Nadal shocks Federer at French Open
Pouncing from the breezy start, bouncing at the dusky end, Rafael Nadal turned his 19th birthday into a milestone triumph over Roger Federer in a French Open semifinals that confirmed the Spanish prodigy's arrival as a star on the Grand Slam stage.
Moments before the fading twilight threatened to suspend the match, Nadal asserted his irrepressible will and his uncanny combination of speed, strength and creativity to reach the final of his first French Open with a 6-3, 4-6, 6-4, 6-3 victory Friday that ended Federer's bid to complete a career Grand Slam.
"It's incredible to beat Federer," said Nadal, who avenged a five-set loss to him at Key Biscayne, Fla., two months ago, extended his winning streak to 23 matches and moved within one victory of becoming the first player to win the French Open in his debut since Mats Wilander in 1982. "Winning a semifinal is already incredible, and beating Federer is even more amazing."
"I started bad and finished bad," Federer said. "I was good in the middle, but that was not good enough."
They had walked out on court with different demeanors, Nadal unsmiling and intense, Federer relaxed and waving, the crowd giving both an ovation as they settled in for what promised to be the match of the tournament. The fans would not be disappointed.
Federer's vulnerability quickly became apparent when he whacked a forehand 10 feet long and committed two more unforced errors for a break in that first game. Mishitting an unusual number of shots, Federer couldn't tame his forehand or make much use of his generally superior serve. He suffered three breaks to lose the set and saw the end of his streak of 28 straight sets won over the past 11 matches going back to the tuneup in Hamburg.
It was now nearly 8 p.m. and, with no lights at Roland Garros, it was apparent that the match might have to be suspended if it went five sets. A fifth set probably would not even be started after 9 p.m.
Racing to beat the fading light and Federer, Nadal closed out the third set at 8:40 p.m. when he broke Federer in the final game.
Nadal jogged out for what would be the last game of the set, holding a 5-4 lead, while Federer walked to the service line with a distinct weariness about him. On the third set point, Nadal grunted loudly with a forehand down the line, took Federer's forehand response and belted an unreachable forehand back into an open court. Nadal bellowed in triumph, leaping and punching the air with his left fist.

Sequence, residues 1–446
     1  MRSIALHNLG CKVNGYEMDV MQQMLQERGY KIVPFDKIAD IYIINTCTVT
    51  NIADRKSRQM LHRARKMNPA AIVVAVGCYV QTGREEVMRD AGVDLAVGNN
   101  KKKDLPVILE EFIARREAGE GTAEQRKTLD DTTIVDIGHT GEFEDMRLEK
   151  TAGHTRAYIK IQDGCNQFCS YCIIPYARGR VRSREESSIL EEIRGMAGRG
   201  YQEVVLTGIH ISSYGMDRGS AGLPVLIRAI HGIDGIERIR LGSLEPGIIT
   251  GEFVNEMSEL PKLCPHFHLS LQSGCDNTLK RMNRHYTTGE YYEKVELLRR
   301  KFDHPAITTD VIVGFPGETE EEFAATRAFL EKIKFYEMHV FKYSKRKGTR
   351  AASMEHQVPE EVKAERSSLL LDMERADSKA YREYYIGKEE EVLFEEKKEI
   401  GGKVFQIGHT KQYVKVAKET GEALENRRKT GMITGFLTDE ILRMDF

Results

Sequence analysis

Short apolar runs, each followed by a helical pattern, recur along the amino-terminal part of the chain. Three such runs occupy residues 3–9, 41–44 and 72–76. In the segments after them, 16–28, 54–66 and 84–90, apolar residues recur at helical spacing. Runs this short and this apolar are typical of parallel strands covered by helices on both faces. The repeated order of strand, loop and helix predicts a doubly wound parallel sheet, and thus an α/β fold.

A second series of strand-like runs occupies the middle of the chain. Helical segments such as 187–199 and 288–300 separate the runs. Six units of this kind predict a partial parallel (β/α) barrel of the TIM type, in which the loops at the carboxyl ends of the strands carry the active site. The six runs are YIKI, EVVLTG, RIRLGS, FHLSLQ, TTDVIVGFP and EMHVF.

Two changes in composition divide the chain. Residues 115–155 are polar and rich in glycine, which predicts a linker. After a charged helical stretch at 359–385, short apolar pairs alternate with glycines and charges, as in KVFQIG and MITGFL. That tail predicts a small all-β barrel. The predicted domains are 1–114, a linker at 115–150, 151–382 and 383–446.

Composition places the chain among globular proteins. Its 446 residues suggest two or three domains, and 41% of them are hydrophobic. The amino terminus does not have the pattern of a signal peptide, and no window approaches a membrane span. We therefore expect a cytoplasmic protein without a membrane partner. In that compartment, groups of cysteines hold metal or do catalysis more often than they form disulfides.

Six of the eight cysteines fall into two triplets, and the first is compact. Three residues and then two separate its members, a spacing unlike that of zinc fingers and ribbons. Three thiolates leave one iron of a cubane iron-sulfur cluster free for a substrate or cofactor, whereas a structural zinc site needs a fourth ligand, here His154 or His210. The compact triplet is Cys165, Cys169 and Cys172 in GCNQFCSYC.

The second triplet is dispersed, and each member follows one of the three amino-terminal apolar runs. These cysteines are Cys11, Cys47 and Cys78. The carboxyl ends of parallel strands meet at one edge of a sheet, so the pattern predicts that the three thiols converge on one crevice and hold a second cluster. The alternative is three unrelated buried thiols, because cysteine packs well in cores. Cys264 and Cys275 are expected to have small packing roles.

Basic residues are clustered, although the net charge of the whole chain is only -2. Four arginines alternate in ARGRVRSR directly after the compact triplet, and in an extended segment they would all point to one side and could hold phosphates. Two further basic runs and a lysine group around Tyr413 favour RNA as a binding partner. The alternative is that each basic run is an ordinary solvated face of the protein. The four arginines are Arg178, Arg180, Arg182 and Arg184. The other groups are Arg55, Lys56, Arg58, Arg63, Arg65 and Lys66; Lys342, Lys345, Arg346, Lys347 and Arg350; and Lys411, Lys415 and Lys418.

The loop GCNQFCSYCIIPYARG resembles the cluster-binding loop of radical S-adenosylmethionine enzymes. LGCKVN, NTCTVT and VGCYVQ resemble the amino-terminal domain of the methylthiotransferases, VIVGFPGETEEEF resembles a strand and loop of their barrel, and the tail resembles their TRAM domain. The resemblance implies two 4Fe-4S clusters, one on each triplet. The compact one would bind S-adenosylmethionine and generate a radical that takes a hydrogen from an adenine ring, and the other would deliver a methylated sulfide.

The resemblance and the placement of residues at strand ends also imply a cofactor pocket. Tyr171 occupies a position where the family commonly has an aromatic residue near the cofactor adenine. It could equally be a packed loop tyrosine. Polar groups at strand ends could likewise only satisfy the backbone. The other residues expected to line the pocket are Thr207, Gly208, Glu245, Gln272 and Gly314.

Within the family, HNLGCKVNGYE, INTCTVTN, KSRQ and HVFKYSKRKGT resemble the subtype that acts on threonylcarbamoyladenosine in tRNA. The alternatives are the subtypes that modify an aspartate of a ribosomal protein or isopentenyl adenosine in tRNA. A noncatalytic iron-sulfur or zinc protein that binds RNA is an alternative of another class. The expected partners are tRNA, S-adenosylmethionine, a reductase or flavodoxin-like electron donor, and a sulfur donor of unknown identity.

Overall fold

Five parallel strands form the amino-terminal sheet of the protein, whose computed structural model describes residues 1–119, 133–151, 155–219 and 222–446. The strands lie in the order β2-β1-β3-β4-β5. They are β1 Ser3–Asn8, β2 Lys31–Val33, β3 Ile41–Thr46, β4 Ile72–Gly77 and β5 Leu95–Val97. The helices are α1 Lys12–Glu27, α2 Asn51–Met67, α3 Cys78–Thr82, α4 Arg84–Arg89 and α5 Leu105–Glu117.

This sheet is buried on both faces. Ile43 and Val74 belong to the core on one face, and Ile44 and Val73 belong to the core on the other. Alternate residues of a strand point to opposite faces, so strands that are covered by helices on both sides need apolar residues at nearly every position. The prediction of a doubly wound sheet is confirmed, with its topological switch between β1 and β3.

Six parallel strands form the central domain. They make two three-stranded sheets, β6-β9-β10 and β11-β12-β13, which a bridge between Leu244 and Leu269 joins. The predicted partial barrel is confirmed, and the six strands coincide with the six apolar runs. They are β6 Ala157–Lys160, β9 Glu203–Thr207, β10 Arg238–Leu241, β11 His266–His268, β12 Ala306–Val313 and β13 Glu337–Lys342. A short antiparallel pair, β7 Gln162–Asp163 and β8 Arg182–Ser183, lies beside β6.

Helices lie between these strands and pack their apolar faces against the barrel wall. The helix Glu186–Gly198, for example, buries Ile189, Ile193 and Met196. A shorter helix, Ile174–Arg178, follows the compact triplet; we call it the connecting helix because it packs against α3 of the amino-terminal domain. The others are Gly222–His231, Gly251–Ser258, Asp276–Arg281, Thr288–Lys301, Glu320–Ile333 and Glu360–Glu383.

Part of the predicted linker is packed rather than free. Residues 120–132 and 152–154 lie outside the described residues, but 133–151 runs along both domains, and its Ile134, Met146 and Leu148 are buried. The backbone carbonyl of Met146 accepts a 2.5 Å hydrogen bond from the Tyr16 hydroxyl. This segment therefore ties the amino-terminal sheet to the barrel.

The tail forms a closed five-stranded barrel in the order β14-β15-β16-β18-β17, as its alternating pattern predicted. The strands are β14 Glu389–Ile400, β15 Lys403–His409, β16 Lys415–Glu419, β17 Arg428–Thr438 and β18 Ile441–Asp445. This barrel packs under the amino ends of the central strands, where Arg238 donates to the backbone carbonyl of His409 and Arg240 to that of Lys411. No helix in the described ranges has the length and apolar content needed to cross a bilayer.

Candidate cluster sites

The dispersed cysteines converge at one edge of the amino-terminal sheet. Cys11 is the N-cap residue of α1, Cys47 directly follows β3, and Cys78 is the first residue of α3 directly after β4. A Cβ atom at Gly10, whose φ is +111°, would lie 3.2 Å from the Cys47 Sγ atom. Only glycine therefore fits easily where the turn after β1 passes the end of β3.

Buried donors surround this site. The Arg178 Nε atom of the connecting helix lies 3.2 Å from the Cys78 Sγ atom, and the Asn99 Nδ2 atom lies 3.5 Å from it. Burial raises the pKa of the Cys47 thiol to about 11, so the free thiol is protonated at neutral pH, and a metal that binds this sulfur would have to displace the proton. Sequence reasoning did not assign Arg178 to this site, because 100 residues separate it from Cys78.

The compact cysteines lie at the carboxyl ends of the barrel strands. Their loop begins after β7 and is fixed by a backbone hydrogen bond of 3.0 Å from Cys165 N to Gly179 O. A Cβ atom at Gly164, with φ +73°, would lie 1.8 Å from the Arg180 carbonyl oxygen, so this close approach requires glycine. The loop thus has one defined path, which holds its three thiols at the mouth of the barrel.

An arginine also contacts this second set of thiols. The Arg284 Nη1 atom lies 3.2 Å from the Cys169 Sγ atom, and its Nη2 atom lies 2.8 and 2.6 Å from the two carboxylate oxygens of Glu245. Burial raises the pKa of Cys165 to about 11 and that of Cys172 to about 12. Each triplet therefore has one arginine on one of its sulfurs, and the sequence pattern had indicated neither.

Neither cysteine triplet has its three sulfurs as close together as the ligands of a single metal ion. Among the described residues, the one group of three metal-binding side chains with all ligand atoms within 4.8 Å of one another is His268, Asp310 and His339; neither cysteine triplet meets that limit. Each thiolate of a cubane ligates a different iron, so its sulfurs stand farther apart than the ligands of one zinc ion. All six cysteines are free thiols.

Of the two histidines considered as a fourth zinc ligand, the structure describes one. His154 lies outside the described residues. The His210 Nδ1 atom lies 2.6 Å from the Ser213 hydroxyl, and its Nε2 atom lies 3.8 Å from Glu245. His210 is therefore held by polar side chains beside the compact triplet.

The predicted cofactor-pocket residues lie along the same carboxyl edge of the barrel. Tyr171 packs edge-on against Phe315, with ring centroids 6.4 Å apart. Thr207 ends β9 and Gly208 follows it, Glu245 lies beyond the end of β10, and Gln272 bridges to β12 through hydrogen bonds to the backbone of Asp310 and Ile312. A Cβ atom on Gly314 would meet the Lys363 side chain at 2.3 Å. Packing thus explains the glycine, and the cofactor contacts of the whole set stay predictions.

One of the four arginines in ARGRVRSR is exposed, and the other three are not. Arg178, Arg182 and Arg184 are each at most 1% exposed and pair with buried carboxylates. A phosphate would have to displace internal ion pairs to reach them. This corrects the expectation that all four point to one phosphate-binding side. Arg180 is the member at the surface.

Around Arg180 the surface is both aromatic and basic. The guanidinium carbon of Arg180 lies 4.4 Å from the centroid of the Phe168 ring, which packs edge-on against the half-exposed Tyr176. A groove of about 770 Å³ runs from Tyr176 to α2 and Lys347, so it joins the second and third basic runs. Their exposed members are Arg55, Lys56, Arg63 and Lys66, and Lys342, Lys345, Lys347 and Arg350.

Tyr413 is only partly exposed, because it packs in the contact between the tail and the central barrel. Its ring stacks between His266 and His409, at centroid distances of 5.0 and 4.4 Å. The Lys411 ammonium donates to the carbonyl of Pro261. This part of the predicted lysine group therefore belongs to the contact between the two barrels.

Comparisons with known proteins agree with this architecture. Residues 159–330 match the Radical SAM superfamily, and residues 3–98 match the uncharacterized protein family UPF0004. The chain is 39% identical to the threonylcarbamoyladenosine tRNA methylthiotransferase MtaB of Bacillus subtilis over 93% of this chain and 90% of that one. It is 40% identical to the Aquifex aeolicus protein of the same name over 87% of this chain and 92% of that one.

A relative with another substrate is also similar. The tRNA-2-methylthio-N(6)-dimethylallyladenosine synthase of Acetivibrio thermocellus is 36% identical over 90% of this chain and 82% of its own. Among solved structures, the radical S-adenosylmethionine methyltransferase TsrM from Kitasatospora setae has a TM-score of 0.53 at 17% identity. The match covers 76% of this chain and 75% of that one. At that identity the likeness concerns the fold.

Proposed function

Nadal's eagerness didn't stop him from making a magnanimous gesture of sportsmanship even when he was down a break at 2-1 in the fourth set. With Federer serving at 40-15, a shot by the Swiss was called long. Nadal pointed to the spot, indicated the ball was good, and asked the umpire to replay the point. They did and Federer won it to go ahead 3-1, but that would be the last game he would win.
Nadal charged back relentlessly to take a 4-3 lead. At 9:02 p.m., the court completely in shadows even with a play blue sky in the distance, Federer spoke to the umpire about how difficult it was to see.
"I could hardly see the ball in the end," said Federer, the 23-year-old holder of four major titles. "I am disappointed we continued. ... I wished we could have continued tomorrow."
Instead, Federer went out to serve. He won the first point after a brilliant exchange at the net that ended with his third reflex volley. But Federer wound up dropping the game when he mishit a backhand eight feet wide, and followed that with a loud cry ¡ª "AAARGH!" ¡ª that could be understood in any language.
That gave Nadal a chance to serve out the match, and he wasted little time in doing it. He set up match point with an overhead, then watched Federer's final shot float long.
Nadal dropped to the court and lay flat on his back a few moments before bounding up and jogging to the net. The best player in the game and his heir apparent embraced warmly.
"I said, `I'm sorry for you,'" Nadal said. "He said, 'No, no, you played very well. Good luck for the final. Good luck for the future.'"